Q: Is a “rescue dog” one that rescues (like the fabled St. Bernard with a cask of brandy strapped under its neck) or one that is rescued (like an abused puppy that ends up in a shelter)?
A: The phrase “rescue dog” has two meanings, according to the Oxford English Dictionary: “(a) a dog trained to aid in rescue operations; (b) a dog that has been rescued from abuse, neglect, etc.”
In the first sense, the phrase has been in use for more than a century. The second sense is newer, only about 35 years old.
But there’s little chance that the two can be confused, since the phrase’s meaning usually becomes clear in context.
Here are the citations given in the OED, listed chronologically, and the intended meanings seem obvious.
1901: “A great St Bernard, the most celebrated of all the rescue dogs that have worked in the hospice on Mount Bernard” (from the Strand Magazine).
1980: “If you are involved in dog rescue work, a rescue dog can be made much more suitable for adoption after two months of letting you practice on him in the Novice class” (from Patricia Gail Burnham’s book Playtraining Your Dog).
1992: “In addition to being an excellent working sheepdog it [the Appenzell, or Alpine Shepherd Dog] is also used as a ski patrol dog, security dog and rescue dog” (from the book 1001 Images of Dogs).
2003: “It seems that every other dog here is a rescue dog, ‘probably abused,’ their owners often say” (from Jon Katz’s The New Work of Dogs).
When “rescue dog” refers to a rescued animal, the OED says the noun “rescue” is being used attributively (that is, as an adjective) “with the sense ‘designating a domestic animal that has been rescued from abuse or neglect, typically by an animal welfare organization.’ ”
The dictionary notes that this usage can refer to other animals, such “as rescue cat, rescue horse, etc.”
It lists “rescue dog” (1980) as the earliest recorded version, followed by “rescue cats” (1993), “rescue horse” (1998), “rescue animals” (referring to shelter dogs, 2003), and “rescue kitten” (2009).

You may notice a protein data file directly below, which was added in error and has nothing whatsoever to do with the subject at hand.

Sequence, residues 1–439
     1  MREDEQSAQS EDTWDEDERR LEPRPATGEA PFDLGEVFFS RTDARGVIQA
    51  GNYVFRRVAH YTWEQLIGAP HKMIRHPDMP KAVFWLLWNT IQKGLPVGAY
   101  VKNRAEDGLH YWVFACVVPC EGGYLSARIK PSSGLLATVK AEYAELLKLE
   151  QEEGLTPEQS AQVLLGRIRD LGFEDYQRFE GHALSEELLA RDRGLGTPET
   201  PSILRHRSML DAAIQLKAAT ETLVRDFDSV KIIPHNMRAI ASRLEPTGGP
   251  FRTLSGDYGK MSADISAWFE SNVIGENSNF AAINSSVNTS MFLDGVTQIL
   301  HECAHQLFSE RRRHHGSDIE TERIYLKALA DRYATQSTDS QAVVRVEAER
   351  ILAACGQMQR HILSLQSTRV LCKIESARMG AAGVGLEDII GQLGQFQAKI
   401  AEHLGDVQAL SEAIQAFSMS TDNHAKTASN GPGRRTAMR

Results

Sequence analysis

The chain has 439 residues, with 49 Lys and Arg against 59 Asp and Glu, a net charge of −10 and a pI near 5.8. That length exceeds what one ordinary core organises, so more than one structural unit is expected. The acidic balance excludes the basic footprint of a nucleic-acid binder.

We’ve found lots of other examples online, including “rescue bluebird,” “rescue hamster,” “rescue salamander,” “rescue snapping turtle,” and “rescue bunny.”
It’s true that this use of the phrase “rescue dog” would be more literal as “rescued dog.” But in pronunciation the adjoining d’s would tend to combine, so the phrase would end up sounding like “rescue dog” anyway.
Besides, while “rescue dog” in this sense is only a few decades old, the general concept of animal “rescue” is much older and justifies the use of “rescue” here instead of “rescued.”
The OED says that one meaning of the noun “rescue” is “the action of rescuing a (domestic) animal from abuse, neglect, etc., typically by an animal welfare organization; (also) an organization of this type, or a shelter or sanctuary run by such an organization. Freq. with modifying word, as animal rescue, cat rescue, dog rescue, pet rescue, etc.”
The earliest such use of “rescue” in the OED is from an 1899 issue of the Boston Daily Globe. A headline on an article about a shelter reads:
“Refuge for stray canines and felines. Animal Rescue League provides means for disposing of helpless animals by easy deaths or securing homes.”
The dictionary’s most recent example is from Pamela Duncan’s novel Moon Women (2001): “Border collie rescue, they called it. They also had poodle rescue, St. Bernard rescue, cocker spaniel rescue, and every other kind of rescue in the book.”
Did St. Bernard rescue dogs ever carry casks of brandy around their necks? No historical records have been found that document such a practice, according to a Jan. 1, 2008, article in the Smithsonian magazine.
The legend of the brandy-carrying dogs was apparently inspired by Alpine Mastiffs Reanimating a Distressed Traveller, an overly dramatic 1831 painting by Edwin Landseer.